Let Them Fight! Godzilla: King Of The Monsters Promises Monster Mash-Up!

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Alongside the reveal of the awesome new poster, “Let them fight!” seems to be the message from the brand second trailer for Godzilla: King of the Monsters as it promises one almighty monster mash-up.

The film has quite the impressive cast on new and returning actors, including Kyle Chandler, Vera Farmiga, Millie Bobby Brown, Bradley Whitford, Sally Hawkins, Charles Dance, Thomas Middleditch, O’Shea Jackson Jr., Ken Watanabe, and Zhang Ziyi.

Several of these good people will obviously survive their encounter with the big guy this time and will be returning for the already-in-production Godzilla vs Kong, which is due to stomp everything in its path on on May 22, 2020.

Meanwhile, the King of the Monsters gets ready to do battle with Mothra, Rodan and King Ghidorah on May 31, 2019. Get ready to rumble…

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Rare Grooves – The Last Dinosaur

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Welcome to the first in an occasional series of articles where I’ll be looking at the songs that have graced some of my favourite films through the years. Of course, since this is OODH, it’s unlikely I’ll be tackling anything from Grease or The Little Mermaid (fabulous as the Ashman & Menken tunes were in the latter).

In 1977, Japan’s Tsuburaya Productions (creators of Ultraman) teamed up with Rankin/Bass in the U.S. (famous for animated specials such as Rudolph, The Red-Nosed Reindeer and Mad Monster Party) to co-produce an odd little gem, the Tokusatsu movie, The Last Dinosaur. Richard Boone and Joan Van Ark star as two Americans who travel to an Arthur Conan Doyle/Edgar Rice Burroughs inspired lost continent beyond the polar ice caps (accompanied by a Maasi warrior tracker and a scientest, played by Luther Rackley and Tetsu Nakamura), to find a lost geologist, played by Steven Keats.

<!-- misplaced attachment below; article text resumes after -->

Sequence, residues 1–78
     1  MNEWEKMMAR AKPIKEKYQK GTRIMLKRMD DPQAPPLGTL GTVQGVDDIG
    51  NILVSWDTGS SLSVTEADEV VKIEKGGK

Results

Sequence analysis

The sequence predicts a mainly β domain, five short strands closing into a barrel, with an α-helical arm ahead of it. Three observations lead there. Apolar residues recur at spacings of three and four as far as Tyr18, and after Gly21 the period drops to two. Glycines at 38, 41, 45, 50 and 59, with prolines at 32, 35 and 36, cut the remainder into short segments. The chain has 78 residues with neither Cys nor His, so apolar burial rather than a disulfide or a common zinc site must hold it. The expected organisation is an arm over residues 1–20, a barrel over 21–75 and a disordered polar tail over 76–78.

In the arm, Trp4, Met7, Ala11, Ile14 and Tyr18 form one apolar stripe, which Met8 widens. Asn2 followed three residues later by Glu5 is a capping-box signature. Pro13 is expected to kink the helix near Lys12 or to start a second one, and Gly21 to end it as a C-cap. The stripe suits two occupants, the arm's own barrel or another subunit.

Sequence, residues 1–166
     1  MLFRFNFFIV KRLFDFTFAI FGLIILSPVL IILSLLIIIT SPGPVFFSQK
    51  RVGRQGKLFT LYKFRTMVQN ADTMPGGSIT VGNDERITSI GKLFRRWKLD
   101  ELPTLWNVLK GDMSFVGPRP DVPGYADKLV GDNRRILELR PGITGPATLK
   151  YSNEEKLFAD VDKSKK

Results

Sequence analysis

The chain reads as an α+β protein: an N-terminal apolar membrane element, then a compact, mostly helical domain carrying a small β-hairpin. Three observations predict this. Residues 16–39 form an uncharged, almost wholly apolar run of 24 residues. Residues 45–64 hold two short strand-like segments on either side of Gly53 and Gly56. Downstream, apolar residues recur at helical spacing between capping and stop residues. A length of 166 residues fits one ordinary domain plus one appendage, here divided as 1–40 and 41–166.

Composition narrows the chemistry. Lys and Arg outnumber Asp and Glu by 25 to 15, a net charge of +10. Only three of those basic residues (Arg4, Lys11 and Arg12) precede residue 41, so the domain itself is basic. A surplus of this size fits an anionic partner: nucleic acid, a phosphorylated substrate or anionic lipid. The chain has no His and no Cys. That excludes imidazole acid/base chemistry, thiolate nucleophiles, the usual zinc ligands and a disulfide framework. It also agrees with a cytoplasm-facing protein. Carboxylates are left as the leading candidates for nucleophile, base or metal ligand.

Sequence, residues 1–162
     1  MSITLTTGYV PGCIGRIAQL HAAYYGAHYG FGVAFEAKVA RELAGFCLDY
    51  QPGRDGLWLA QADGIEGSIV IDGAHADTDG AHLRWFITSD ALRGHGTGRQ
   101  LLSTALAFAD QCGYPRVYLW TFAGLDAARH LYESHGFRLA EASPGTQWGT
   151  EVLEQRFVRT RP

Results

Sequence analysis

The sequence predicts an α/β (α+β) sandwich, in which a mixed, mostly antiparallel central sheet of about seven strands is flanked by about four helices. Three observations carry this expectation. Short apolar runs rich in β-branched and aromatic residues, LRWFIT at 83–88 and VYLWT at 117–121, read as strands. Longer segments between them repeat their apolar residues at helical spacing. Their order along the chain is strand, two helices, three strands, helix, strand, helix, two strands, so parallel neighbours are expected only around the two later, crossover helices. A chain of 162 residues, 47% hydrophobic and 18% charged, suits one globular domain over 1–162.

Co-directed by Alexander Grasshoff and Shusei Kotani, billed as Tom Kotani, the finished production aired in the United States February 11, 1977 as a television movie on the ABC network and shortly afterwards was released in Japan as a theatrical feature.

The film comes roaring from the gate, all guns blazing, with its astonishing main attraction right from the outset. That’s not, as you might imagine, the snarling, drooling Tyrannosaurus Rex as featured prominently in the film’s posters and trailer, but rather the snarling, drooling, sexist, drink-sodden, wealthy big game hunter, Maston Thrust (…no, really). Hollywood legend Boone gives his all (and then some) as the aptly-named Thrust, starting out at ten and then dialling up the amp from there. Subtle and nuanced the performanced isn’t, but it sure is a thing of beauty!

Maury Laws was chosen to compose the film’s score (a job he did for many of the Rankin/Bass specials and series) while the title song, with lyrics by Jules Bass, was sung by Nancy Wilson, and arranged and conducted by Bernard Hoffer.

Bass, of course, was also one of the film’s producers, while Hoffer was later the composer of the theme song from beloved 1980s animated series, Thundercats.

Singer Nancy Wilson, also known as “The Girl With the Honey-Coated Voice”, was world-renowned for her career in blues, r & b and jazz. For The Last Dinosaur, her vocals show no condescension at the material and she gives a superb performance in this Bondian recording. The lyrics can hilariously – and quite rightly – be read as referring to both Maston Thrust AND the film’s killer T-Rex, an achievement never topped by John Barry or his lyricists for any of the James Bond title songs.

Sit back, pour yourself a shot of whisky and let your ears be seduced by the 70s elegance of The Last Dinosaur.